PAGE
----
Critics fear that free schools come at a cost

Bids to open institutions could take up colleges' scarce resources

Darren Evans

The government's flagship free schools programme is attracting growing interest from further education and sixth-form colleges keen to get involved.

Two FE colleges already run their own free schools, while a third won permission to open one earlier this year. Two more FE colleges and one sixth-form college are expected to apply when the next round of bidding opens on Monday - the last chance before next year's general election.

As interest in the FE sector increases, however, serious questions are also being asked about whether colleges should be diverting time and resources away from their core mission in order to open new institutions. Even the Association of Colleges warned of "risks" in the process.

Writing on the TES website, Frances Wadsworth, principal of Croydon College in London - one of the institutions that will join the bidding next week, along with New College Swindon and New College Pontefract - argues that quality of teaching should be the priority.

"It is what and how children are being taught in schools that is important, with what support and quality of teaching, rather than where it is being taught," she writes. "The emphasis has to be on great teaching and committed teachers that stretch, challenge and inspire children. A good college as a school's sponsor can clearly bring experience and expertise - a significant unique selling point."

Ms Wadsworth said that Croydon College's free school would be set up as an 11-18 academy on its existing campus. The New Croydon Academy would have 180 pupils and would help to address the area's "startling need" for schools, she added: by 2018 Croydon is expected to have a 43 per cent shortfall in places.

Since 2011, more than 300 free schools, many set up by parent or teacher groups, have opened or been approved in England. Although many colleges and college groups act as sponsors for free schools and academies, only a few have set up their own so far. South Staffordshire College and Hadlow College in Kent each run a free school, while Richmond upon Thames College in London won permission to open one earlier this year.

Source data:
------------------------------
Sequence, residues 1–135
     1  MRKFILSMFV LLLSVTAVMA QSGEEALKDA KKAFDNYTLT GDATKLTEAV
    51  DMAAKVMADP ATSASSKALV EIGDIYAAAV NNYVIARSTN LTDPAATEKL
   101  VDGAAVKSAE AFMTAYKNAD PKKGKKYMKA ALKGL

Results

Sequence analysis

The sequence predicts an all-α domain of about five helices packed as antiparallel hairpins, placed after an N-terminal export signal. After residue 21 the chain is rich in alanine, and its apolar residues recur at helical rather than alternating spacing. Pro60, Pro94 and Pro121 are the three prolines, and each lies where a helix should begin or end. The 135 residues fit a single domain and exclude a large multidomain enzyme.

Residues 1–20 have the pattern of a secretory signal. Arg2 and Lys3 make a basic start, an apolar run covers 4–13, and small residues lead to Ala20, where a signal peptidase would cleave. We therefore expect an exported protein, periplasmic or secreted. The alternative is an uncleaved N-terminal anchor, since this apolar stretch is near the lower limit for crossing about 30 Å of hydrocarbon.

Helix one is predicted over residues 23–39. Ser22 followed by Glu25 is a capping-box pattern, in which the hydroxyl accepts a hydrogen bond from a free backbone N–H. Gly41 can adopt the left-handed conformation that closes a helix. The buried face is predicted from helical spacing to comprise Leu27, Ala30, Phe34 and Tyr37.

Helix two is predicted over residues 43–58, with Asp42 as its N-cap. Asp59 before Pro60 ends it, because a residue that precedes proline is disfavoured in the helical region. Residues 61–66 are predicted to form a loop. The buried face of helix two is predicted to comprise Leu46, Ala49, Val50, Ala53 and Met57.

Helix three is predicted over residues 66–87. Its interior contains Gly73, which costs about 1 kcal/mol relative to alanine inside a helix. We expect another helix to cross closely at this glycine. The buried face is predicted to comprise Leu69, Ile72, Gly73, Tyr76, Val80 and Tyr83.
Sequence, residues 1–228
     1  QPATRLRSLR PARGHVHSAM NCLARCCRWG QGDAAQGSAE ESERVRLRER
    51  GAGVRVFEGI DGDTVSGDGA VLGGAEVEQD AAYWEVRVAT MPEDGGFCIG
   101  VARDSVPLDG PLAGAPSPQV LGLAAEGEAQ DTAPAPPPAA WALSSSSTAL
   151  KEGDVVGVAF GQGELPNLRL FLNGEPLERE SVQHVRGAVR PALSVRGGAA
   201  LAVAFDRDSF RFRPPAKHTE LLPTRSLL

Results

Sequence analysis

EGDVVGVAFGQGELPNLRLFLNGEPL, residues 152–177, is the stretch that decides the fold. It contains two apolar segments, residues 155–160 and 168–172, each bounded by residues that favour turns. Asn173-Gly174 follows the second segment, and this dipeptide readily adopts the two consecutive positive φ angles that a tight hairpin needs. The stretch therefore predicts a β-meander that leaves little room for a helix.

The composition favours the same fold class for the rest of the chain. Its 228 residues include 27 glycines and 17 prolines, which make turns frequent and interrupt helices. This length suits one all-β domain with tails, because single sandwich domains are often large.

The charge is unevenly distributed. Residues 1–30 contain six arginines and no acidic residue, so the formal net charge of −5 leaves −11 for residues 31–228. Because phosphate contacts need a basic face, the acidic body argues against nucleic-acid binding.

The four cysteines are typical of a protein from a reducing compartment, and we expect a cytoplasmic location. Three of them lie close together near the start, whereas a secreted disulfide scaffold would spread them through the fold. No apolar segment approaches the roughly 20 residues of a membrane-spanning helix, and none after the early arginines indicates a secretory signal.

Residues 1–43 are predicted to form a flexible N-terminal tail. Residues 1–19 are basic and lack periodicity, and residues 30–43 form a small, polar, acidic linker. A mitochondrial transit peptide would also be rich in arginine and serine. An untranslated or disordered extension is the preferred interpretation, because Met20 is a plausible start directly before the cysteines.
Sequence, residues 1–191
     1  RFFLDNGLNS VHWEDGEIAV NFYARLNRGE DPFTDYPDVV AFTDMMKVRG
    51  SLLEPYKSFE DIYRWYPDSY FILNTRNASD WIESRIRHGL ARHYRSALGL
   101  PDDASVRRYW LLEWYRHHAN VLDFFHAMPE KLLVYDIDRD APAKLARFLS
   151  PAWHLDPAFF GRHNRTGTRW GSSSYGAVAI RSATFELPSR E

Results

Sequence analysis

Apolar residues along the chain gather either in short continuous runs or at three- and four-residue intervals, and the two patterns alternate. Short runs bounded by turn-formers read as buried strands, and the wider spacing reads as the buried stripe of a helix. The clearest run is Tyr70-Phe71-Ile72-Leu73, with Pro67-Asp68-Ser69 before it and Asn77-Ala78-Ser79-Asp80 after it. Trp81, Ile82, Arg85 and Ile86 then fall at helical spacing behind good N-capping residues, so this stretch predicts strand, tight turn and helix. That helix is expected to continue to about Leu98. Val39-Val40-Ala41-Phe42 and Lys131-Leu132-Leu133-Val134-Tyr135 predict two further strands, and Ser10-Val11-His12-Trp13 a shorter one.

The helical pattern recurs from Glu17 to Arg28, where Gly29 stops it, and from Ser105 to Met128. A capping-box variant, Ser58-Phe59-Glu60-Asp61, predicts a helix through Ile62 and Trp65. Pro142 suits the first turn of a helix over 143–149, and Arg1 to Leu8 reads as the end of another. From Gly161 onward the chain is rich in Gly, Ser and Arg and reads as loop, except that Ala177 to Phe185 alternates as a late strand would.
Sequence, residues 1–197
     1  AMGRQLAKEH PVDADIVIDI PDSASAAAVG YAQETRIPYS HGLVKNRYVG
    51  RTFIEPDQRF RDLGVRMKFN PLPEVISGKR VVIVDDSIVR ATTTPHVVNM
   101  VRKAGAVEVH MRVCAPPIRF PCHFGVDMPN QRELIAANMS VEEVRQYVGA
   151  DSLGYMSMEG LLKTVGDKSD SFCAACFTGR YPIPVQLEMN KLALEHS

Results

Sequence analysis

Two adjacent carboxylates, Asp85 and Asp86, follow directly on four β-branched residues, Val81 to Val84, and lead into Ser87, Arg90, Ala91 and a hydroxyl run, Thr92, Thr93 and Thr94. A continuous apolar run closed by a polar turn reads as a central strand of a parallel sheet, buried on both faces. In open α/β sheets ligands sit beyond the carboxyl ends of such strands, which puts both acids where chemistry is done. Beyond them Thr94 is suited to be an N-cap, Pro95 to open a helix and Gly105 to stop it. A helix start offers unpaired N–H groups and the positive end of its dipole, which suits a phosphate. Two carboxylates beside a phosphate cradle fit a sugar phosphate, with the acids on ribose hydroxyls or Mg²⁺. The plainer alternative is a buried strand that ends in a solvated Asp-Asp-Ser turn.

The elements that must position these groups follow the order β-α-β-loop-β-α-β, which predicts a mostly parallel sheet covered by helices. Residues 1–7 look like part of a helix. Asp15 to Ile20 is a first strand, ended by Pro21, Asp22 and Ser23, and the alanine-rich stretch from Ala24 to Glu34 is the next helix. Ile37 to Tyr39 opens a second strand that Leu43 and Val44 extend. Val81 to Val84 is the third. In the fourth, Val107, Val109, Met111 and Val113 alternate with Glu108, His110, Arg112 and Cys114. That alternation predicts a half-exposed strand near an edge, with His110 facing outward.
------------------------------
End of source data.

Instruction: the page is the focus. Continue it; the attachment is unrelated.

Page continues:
However, the FE sector's involvement in the programme has not always been successful. Earlier this year the Barnfield Federation in Bedfordshire announced it was splitting its academies and free school from their original sponsor, Barnfield College, after a Skills Funding Agency report found that the college had wrongly claimed almost pound;1 million for students it did not have on record.

Critics have warned that colleges should stick to what they know. The University and College Union's head of FE, Andrew Harden, said: "We are probably not alone in wanting colleges to focus on their core mission of providing a decent education for the local community, rather than setting up free schools or academies.

"As well as the obvious concerns about funds being diverted to these projects, we are not convinced that these kind of federated structures, with institutions feeding into each other, always deliver what's best for the students."

Julian Gravatt, assistant chief executive of the Association of Colleges, said colleges were autonomous institutions and as such were not actively encouraged or discouraged from opening free schools.

"There are a number of risks in opening a free school, including diverting colleges from what they probably see as their primary role of educating and training 16- to 18-year-olds and adults," he added. "However, there also opportunities to share services, to improve efficiency and for colleges being able to develop CPD for their staff."

Mr Gravatt said the AoC believed that free schools should only be established where genuine local demand existed because of poor quality local provision or rising demographics. They should also be able to demonstrate value for money.

"It also doesn't make sense to create new sixth forms in areas where there is good or outstanding provision and the institution won't be sustainable when the set-up funds run out," he said.

`Our free school meets a specific need'

South Staffordshire College was one of the first FE institutions to establish its own free school. The college's Rural Enterprise Academy opened to students two years ago this month.

The academy now has almost 150 pupils out of a potential student body of 300, and principal Graham Morley described it as "one of the best things we have ever done".

"Our free school was set up to meet a specific need for the land-based industries in Staffordshire, coupled with the need to address educational standards in the area," he told TES. "We knew we had a meaningful vocational offer for students from the age of 14."

At the time, colleges were not allowed to enrol students who were that young, and Mr Morley said he chose the free school route rather than setting up a university technical college so that South Staffordshire College would not be "hamstrung" by having to partner with a university.

"I am not a particular advocate of the free school movement," he said. "It just became a vehicle for us to do what we wanted to do quickly and easily."

Despite the relative ease of the venture, the college still had to go through a "long bureaucratic process" before the academy opened in September 2012. However, Mr Morley said that the positive experience of the learners had made it all worthwhile.

And although Mr Morley had no other colleges as a reference point at the time, he now receives regular calls from principals who are interested in setting up their own free schools.

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Darren Evans

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